(Reuters) - U.S. President Donald Trump on Monday suggested he would use federal troops to end unrest that has erupted following the death of George Floyd, an unarmed black man killed in police custody last week.
"If a city or state refuses to take the actions that are necessary to defend the life and property of their residents, then I will deploy the United States military and quickly solve the problem for them," Trump said during brief remarks at the White House.
The demonstrations have been largely peaceful, but police in some cities have used force against journalists and protesters, and protesters have clashed with police. Many U.S. cities have set curfews.
To deploy the armed forces, Trump would need to formally invoke a group of statutes known as the Insurrection Act.
WHAT IS THE INSURRECTION ACT?
Under the U.S. Constitution, governors generally have the authority to maintain order within state borders. This principle is reflected in a law called the Posse Comitatus Act, which generally prohibits the federal military from participating in domestic law enforcement.
The Insurrection Act, which dates to the early 1800s, is an as exception to principles later codified in the Posse Comitatus Act.
The Insurrection Act permits the president to send in U.S. forces to suppress a domestic insurrection that has hindered the normal enforcement of U.S. law.
CAN TRUMP SEND IN TROOPS WITHOUT A GOVERNOR'S APPROVAL?
Yes. The law lays out a scenario in which the president is required to have approval from a state's governor or legislature, and also instances where such approval is not necessary, said Robert Chesney, a professor of national security law at the University of Texas.
Historically, in instances where the Insurrection Act was invoked, presidents and governors have usually agreed on the need for troops, said Thaddeus Hoffmeister, a law professor at the University of Dayton.
In 2005, former President George W. Bush decided not to invoke the Insurrection Act to send active-duty troops to Louisiana in the aftermath of Hurricane Katrina in part because the state's then-governor opposed the move.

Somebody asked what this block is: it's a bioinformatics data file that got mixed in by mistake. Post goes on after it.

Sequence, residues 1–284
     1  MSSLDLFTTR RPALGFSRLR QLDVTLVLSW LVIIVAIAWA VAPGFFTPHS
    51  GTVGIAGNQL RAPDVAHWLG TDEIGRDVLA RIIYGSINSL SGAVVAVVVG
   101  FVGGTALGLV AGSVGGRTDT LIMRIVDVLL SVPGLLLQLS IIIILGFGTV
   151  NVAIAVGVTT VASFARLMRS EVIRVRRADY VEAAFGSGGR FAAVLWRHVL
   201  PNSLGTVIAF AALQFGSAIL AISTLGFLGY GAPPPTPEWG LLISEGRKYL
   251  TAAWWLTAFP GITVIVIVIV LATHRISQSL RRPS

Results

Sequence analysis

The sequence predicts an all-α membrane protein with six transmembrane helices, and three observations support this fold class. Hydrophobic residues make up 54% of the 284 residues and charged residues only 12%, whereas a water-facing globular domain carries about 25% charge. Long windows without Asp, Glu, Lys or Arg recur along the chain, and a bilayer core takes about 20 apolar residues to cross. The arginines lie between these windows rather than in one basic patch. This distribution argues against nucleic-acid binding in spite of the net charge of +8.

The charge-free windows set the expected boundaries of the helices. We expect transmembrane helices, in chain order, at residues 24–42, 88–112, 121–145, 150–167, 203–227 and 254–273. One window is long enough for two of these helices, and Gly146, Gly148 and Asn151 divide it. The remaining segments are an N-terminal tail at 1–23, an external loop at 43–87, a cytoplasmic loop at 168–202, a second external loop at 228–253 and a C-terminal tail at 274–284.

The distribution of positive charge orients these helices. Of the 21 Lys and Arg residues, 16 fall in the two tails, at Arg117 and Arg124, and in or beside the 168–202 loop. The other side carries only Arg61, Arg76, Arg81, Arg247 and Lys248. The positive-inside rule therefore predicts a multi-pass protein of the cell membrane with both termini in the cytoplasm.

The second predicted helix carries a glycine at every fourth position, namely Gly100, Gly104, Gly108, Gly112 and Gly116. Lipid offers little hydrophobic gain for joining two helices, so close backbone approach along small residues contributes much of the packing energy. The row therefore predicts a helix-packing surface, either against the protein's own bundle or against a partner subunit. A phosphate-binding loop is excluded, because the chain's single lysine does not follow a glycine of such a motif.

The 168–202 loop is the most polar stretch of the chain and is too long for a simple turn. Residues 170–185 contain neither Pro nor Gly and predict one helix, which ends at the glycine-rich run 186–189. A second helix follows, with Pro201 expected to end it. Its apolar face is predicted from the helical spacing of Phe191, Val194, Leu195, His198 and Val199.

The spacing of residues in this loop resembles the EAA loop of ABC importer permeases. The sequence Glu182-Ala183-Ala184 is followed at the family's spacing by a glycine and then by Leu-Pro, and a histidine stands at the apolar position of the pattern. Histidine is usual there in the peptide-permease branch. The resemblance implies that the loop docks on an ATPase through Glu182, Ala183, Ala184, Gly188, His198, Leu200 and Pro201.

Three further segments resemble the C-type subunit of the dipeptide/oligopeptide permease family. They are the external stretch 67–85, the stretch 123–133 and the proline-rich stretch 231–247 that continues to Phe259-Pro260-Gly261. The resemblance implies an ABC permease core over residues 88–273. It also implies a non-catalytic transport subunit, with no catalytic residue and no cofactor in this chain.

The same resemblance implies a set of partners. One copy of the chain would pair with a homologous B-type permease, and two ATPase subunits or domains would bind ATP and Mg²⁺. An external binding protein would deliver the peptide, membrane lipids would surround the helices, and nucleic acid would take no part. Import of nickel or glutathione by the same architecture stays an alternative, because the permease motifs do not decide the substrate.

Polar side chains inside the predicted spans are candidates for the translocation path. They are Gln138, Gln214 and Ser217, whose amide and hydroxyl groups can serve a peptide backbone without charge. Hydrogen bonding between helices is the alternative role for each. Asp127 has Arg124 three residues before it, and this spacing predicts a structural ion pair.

HAS IT BEEN INVOKED BEFORE?
Yes. The Insurrection Act has been invoked on dozens of occasions through U.S. history. Since the civil rights movement of the 1960s, however, its use has become "exceedingly rare," according to a report by the Congressional Research Service.
The Insurrection Act was last used in 1992, when the acquittal of four Los Angeles police officers in the beating of black motorist Rodney King led to deadly riots.
CAN A COURT STRIKE DOWN TRUMP'S APPLICATION OF THE LAW?
Hoffmeister said he did not think invoking the Insurrection Act was warranted because governors can handle the current unrest through their criminal justice systems.
"The Insurrection Act should only be used in dire situations and I don't think the circumstances right now call for it," Hoffmeister said.
But Chesney said a successful legal challenge to Trump's use of the law was "very unlikely." Courts have historically been very reluctant to second-guess a president's military declarations, he said.
"The law, for all practical purposes, leaves this to the president with very little judicial review with any teeth," Chesney said. "That may be a terrible state of affairs, but that's what it is."
(Reporting by Jan Wolfe; Edited by Noeleen Walder, Gerry Doyle and Steve Orlofsky)
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